It still surprises me that the Carole James New Democrats didn’t do the math before they launched themselves on this course. The traditional right-of-centre base in B.C. runs beween 40 and 50 per cent. The traditional NDP base is weighted closer to the high 30s, stretching in good years as high as 42 or 43 per cent. And, traditionally, the NDP has been able to count on environmentally conscious voters to choose that party as a preferable alternative to the Liberals – even if it means foresaking the single-issue Green Party
If you subtract the Liberal base from 100, it’s clear that the NDP really needs that green/Green support if it hopes to win an election. James and company decided to take a risk. They thumbed their nose at an influential and passionate group of traditional supporters and they attacked the carbon tax, regardless that many of us had pleaded personally with them to back off their callow “axe the tax” campaign. They told us, en effect, to go to hell. They rebuffed the most sincere entreaties from people like the environmental icon Dr. David Suzuki.
So, Suzuki, among others, has spoken against them in the strongest and most specific terms. He has decried their choice of politics over planet. And in response, they played politics all the harder, trying to dismiss him as a Liberal puppet – yet another unforgivable insult, to his record and to everyone else’s intelligence.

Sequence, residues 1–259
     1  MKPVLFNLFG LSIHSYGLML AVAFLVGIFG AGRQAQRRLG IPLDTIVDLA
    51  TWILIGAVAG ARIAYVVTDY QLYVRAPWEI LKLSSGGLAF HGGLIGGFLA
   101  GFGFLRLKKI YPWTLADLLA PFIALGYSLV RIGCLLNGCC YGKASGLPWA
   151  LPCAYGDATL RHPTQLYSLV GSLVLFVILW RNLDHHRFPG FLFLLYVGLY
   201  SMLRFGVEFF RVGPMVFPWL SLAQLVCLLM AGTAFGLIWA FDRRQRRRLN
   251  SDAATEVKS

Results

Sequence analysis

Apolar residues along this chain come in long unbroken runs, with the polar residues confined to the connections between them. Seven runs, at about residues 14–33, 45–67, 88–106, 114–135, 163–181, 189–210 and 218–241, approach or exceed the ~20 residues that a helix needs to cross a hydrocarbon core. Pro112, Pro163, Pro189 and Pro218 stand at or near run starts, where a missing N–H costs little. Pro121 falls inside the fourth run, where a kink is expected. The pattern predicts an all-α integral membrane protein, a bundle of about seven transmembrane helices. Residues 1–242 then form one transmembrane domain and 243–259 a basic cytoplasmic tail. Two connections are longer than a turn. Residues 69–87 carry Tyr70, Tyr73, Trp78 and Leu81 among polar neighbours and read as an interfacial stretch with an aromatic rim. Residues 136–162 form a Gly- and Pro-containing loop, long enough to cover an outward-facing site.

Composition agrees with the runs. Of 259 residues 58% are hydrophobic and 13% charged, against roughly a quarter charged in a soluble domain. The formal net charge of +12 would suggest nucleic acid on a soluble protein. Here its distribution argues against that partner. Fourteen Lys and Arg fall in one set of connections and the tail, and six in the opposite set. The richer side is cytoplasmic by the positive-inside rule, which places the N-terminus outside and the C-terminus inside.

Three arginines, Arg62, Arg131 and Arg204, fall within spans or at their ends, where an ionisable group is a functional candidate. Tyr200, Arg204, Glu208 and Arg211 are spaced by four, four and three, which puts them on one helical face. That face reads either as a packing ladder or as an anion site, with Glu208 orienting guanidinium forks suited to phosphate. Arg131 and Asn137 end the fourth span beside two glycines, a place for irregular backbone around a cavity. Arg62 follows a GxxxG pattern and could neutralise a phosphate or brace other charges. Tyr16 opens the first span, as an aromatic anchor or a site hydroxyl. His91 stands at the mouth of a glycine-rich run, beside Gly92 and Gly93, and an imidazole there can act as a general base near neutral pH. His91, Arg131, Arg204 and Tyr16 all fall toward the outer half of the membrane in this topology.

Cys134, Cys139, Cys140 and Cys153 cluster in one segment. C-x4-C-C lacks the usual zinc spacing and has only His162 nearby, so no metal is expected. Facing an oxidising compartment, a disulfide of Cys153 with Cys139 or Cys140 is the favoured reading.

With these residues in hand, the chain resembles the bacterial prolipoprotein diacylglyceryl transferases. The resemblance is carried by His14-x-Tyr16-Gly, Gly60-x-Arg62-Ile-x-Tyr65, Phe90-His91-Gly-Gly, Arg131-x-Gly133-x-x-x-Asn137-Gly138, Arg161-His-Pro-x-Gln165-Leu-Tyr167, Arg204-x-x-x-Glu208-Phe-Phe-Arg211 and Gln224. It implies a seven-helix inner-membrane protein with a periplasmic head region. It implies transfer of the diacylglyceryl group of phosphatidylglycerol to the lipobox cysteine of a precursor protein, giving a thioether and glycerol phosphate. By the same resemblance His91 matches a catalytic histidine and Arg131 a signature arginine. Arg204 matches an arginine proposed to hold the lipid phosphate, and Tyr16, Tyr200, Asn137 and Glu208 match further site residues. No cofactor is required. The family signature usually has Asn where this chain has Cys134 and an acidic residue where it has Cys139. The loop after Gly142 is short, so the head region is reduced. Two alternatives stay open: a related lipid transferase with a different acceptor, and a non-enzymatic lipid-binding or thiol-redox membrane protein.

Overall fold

I truly hope that the New Democrats lose a tight race tomorrow. I hope, then, that James and company either acknowledge how mistaken they have been on this issue – or that they get out of the way to make room for more enlightened leadership.
For “traditional” New Democrats, for people like Mike Harcourt who have stood up for a whole suite of progressive environmental policies – some of which the NDP are more likely than the Liberals to implement – that may be a bitter pill. But bitterer still is the sight of a party parking its principles on the single biggest environmental issue facing humankind.
One final hope: if the Liberals win tomorrow, there will be a good opportunity to argue that the environmental vote delivered that win (whether the voters actually inked a Liberal name or split off to the Green Party, allowing a Liberal victory). There will be a good opportunity to go to a re-elected Premier Campbell, to commend him yet again for the carbon tax, and then to urge him in the strongest possible terms to extend his efforts, not just on climate change but on a host of other environmental issues. (The excellent list in the Globe and Mail opinion piece would be a terrific start.)
Tomorrow can be better than today, but not if we choose petty games over prinicpled action – not if we put politics ahead of the planet. In this case, perhaps regrettably, that means, not if we vote NDP.